Crank 2 opens with our hero, Chev Chelios (Jason Statham), falling out of a helicopter, landing on a car, bouncing onto the street, and surviving. He is picked up (with a shovel) by Asian gangsters who steal his heart, replacing it with an artificial one.
Now, the question is, knowing Chelios can fall hundreds of feet out of a helicopter and survive, why replace his heart in the first place and give him a chance to extract revenge? This is the idiot plot on an extreme level, although in a movie this absurd, none of that really matters.
For at least the first half, Crank 2 is fun. One ridiculous action scene follows another, one involving the violation of a large man with a shotgun that won’t be detailed here. Crank is sort of a live action cartoon (minus the kid-appropriate nature), and if you can imagine Wile E. Coyote continually chasing the Roadrunner while being forced to injure himself to stay alive, you get the idea.
The second half of Crank 2 makes you wonder if the first half was a set-up. It teases you with sequences of ridiculousness so absurd, it makes you believe that no, it cannot be any dumber than having sex in front of 8,000 spectators at a race track. It does.
Chev Chelios battles his nemesis inside a power station, which transforms him into a giant. The two battle it out on a miniature set, flying around and crashing through the structures. The parody is obvious, yet the movie’s goal is to top even that.
Crank 2 uses it all, including graphic gore, gratuitous nudity, a head inside a water tank (that is still alive), breaks the fourth wall multiple times (the best being when Chelios whistles the music playing over the action), uses ridiculous subtitles, and continually inserts random cameos.
There is no sense to Crank 2, and there shouldn’t be. That is sort of the point. The issue here is that absurd action can be done right, such as in Shoot ‘Em Up or Wanted, movies that carry some credibility. Crank 2 has none despite the laughs, but is so bizarre, ends up focusing on a small market that will be able to withstand the unexplainable visual assault of the final half hour.
Crank 2 was shot cheaply, with cameras purchased at local electronics stores. The purpose was to be able to maneuver and place the cameras in odd places and angles while saving money. In that, directors Mark Neveldine and Brian Taylor succeed. When it comes to a hi-def presentation, things can’t quite hold up.
Aliasing and shimmering are constant problems for any straight lines. They flicker, appear jagged, and generally distract. Constant digital filmmaking problems show up, the worst section being an interview on a TV talk show with Chelios as a child. The plants in the background contain awful ringing, and the entire scene has an unnatural digital sheen to it.
Interlacing problems show up from time to time. Note the scene near the end as Chelios approaches a telephone pole, where the trees contain lines running through them, as with the majority of the shot. Much of the film carries the look of artificial sharpening, and like most of the problems, this is undoubtedly part of the source.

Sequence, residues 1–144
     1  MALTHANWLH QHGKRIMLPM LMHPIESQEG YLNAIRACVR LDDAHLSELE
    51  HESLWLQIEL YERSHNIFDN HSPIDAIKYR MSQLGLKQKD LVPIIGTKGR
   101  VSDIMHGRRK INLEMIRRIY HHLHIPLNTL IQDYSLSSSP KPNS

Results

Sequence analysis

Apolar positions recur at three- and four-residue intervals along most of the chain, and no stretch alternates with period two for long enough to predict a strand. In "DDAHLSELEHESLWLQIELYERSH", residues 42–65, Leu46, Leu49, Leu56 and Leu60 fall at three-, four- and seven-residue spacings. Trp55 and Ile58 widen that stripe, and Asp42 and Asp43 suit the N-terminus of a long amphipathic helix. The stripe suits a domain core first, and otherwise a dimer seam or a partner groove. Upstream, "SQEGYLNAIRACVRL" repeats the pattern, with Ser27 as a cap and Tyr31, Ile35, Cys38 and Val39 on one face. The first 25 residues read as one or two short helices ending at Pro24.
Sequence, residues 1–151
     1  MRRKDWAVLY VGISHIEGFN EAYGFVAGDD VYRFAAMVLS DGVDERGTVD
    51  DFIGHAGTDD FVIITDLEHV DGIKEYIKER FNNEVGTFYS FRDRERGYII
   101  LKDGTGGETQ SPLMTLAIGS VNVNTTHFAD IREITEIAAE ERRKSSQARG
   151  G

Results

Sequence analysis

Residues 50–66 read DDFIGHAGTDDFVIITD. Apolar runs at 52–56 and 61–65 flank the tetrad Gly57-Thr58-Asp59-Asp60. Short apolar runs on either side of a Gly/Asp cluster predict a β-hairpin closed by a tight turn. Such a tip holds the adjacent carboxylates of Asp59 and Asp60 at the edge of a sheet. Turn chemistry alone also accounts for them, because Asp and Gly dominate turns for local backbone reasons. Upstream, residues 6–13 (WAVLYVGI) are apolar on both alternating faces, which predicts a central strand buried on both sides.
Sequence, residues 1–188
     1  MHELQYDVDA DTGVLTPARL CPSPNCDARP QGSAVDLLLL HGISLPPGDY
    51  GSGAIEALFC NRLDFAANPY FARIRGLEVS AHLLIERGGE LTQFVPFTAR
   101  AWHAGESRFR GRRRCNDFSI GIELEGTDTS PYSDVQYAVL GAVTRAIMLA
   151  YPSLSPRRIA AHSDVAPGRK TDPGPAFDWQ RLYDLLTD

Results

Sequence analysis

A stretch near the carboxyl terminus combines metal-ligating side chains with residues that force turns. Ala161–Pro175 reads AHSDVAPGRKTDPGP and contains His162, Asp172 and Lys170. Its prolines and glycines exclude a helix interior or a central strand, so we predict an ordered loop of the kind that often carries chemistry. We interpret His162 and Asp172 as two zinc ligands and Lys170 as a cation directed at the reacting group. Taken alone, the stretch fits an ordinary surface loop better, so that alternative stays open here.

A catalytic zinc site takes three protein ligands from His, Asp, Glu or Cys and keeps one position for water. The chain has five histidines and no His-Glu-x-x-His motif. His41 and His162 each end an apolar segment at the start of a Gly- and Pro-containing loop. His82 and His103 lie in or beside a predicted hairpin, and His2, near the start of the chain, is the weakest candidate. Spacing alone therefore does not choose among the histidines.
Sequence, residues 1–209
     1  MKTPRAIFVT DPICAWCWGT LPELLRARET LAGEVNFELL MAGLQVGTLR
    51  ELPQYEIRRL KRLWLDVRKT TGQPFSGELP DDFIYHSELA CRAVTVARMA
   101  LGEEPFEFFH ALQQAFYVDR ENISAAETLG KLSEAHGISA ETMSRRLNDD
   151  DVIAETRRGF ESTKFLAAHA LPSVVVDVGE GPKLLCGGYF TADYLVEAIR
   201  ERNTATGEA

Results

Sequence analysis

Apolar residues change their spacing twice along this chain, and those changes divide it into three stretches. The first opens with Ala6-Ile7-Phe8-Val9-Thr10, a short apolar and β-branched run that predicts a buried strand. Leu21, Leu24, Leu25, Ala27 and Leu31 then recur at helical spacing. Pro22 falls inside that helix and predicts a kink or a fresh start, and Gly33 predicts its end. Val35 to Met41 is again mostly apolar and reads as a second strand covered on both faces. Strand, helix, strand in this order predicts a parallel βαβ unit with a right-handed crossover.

That said, detail is strong, capturing exceptional facial textures. Sharpness is routinely strong despite the ringing in many scenes. Noise is noticeable although not as rough as the aliasing. Loads of color filters cause over saturated colors and at times de-saturated colors. Contrast is hot to match the harsh look of the film. Everything about this AVC encode looks artificially cranked up, but that is sort of the point (bad puns aside).
Lionsgate loads the film with a powerful DTS-HD 7.1 mix that captures everything from the overbearing soundtrack to the loud gunfire. The opening scene is enough to sell this track, with Chelios crashing into the car with a powerful low-end thud with the surrounds picking up flying debris cleanly.
Gunfire is wonderful, hitting all channels as bullets are fired and reach their destination. Fights capture some excellent positional work, and the horse race nicely fills the soundfield with crowd cheers. Every cue needed works wonderfully, including a car crash that rocks the low-end with a powerful jolt.
Directors Mark Neveldine and Brian Taylor provide a commentary that can be viewed/heard three different ways. The traditional audio track is funny, with the two acting with an over-inflated ego about how great the movie is. The picture-in-picture track lets you select from two different views, and adds to the same commentary with various behind-the-scenes clips with additional interviews. The latter is the preferred option, as the Neveldine/Taylor commentary that is missed with the clips is limited.
Making Crank 2 is short of an hour long, providing the same comedic egotistical approach as the commentary, while diving deeper into motivation for the sequel and how things were done. Crank 2: Take 2 is a funny collection of mistakes left in the movie that were missed by the editing team. Wrap Party is a collection of on and off-set hysteria.
Trailers, Lionsgate Live support (trailers, wallpaper, and worthless gadgets), digital copy, and Molog support (also ridiculous) finish off a fun set of bonus features.
NOTE: Some users are reporting problems playing Crank 2 in their stand-alone players. From these reports, it seems to be with the initial BD-Live load. If you have a BD-Live capable player that does not have enough internal memory, a SD card or USB thumb drive are required to play the movie. This thread on AVS forums may prove helpful if you are still having problems.
The disc played and loaded fine on the PS3 used for review purposes.